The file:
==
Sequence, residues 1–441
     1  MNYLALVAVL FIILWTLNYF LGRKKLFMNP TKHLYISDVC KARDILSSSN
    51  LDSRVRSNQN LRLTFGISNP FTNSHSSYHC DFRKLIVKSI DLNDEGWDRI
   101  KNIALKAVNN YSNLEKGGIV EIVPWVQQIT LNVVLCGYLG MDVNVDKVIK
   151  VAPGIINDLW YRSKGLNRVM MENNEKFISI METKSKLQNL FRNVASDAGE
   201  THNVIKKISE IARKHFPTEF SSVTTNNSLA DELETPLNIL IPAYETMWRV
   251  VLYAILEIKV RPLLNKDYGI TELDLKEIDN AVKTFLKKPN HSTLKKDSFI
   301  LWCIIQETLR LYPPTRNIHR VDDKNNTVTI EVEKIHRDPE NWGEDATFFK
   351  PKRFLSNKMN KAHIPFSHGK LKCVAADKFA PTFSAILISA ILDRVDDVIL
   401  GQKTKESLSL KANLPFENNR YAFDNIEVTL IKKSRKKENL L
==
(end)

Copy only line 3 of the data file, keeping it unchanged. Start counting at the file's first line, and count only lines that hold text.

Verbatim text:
    51  LDSRVRSNQN LRLTFGISNP FTNSHSSYHC DFRKLIVKSI DLNDEGWDRI